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Hogarth, William, 1697-1764 / The analysis of beauty : written with a view of fixing the fluctuating ideas of taste

Chap. XIII: of composition with regard to light, shade, and colours,   pp. 106-112

Page 111

by obfervation taken his principles of imitation, as in 
the following refped. 
Thofe objets which are intended mofi to affe& the 
eye, and come forwardeff to the view, muff have large, 
firong, and fmart oppofitions, like the fore-ground in 
fig. *, and what are defigned to be thrown further off, ig. 5. 
muft be made fiill weaker and weaker, as expreffed in 
figure 86, which receding in order make a kind of 
gradation of oppofitions; to which, and all the other 
circumrfances already defcribed, both for recefflon, and 
beauty, nature hath added what is known by the name 
of aerial perfpe&ive; being that interpofition of air, 
vhich throws a general foft retiring tint over the whole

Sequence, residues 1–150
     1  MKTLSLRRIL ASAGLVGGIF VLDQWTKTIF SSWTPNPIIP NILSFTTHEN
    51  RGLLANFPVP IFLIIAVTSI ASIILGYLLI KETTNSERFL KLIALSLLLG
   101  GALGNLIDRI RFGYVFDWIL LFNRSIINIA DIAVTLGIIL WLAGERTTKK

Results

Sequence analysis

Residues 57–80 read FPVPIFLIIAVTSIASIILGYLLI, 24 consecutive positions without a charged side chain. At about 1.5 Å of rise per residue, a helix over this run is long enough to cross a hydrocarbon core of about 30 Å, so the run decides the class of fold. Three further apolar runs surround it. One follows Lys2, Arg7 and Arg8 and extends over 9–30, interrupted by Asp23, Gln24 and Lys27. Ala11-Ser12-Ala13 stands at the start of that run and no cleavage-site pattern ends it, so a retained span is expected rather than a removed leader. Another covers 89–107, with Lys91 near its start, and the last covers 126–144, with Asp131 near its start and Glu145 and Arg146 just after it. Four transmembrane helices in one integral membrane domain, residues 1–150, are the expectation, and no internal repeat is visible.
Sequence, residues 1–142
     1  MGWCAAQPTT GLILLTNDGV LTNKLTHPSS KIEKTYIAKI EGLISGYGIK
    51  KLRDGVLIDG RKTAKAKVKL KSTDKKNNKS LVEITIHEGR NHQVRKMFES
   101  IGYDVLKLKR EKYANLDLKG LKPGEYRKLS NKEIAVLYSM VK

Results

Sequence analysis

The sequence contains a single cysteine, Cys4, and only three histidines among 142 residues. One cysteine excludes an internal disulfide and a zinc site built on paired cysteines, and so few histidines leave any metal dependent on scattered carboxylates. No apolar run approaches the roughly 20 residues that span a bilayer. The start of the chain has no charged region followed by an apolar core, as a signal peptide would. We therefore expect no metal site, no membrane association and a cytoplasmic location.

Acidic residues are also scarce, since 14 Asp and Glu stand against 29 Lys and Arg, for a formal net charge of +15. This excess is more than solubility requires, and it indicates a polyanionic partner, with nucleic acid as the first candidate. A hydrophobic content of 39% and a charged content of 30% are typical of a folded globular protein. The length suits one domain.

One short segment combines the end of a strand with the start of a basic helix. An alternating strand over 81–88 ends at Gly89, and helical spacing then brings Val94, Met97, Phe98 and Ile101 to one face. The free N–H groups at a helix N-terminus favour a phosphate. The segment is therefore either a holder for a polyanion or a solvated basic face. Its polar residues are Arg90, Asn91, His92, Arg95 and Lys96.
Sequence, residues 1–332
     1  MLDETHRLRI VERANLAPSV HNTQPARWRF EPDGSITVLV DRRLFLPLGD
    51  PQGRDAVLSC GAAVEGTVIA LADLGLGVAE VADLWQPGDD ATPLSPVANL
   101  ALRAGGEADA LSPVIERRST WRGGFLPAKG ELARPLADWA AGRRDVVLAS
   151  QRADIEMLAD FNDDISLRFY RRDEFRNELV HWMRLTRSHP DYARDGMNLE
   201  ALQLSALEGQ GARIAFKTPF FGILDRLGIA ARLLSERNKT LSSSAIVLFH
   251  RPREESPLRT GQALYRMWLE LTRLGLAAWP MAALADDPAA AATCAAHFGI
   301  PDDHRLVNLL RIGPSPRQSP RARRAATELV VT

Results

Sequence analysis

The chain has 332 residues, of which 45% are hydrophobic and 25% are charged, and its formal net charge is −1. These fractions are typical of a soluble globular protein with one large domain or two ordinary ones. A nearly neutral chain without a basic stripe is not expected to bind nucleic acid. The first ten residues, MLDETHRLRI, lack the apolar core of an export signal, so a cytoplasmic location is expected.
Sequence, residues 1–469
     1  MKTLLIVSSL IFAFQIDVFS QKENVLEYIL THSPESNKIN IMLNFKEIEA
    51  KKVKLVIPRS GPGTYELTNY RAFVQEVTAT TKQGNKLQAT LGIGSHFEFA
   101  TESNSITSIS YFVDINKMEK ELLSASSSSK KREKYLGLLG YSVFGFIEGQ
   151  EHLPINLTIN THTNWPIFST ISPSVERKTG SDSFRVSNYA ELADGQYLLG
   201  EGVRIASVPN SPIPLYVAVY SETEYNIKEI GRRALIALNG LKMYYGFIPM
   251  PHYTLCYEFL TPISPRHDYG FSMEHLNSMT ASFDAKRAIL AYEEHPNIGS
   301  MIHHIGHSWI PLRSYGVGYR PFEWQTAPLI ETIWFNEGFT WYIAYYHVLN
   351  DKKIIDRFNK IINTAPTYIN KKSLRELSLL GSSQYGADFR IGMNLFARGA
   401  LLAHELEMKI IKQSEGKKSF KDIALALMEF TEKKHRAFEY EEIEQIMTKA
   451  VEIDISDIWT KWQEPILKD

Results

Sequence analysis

profpe&; to be feen in excefs at the rifing of a fog. 
All which again receives Rfill more diftin&nefs, as well 
as a greater degree of variety, when the fun fhines 
bright, and calls broad fhadows of one obje& upon 
another; which gives the lkilful defigner fuch hints for 
hewing broad and fine oppofitions of Ihades, as give 
life and fpirit to his performances. 
BREADTH of SHADE is a principle that affilfs in 
making diflintion more confpicuous; thus fig. t, is f Fig. 17. 
better diftinguifh'd by its breadth or quantity of fhade, 
and view'd with more eafe and pleafure at any diftance, 
than fig. , which hath many, and thefe but narrow      L. P. 
fhades between the folds. And for one ofthe noblet 
inifances of this, let Windfor-caftle be viewed at the 
rifing or fetting of the fun. 

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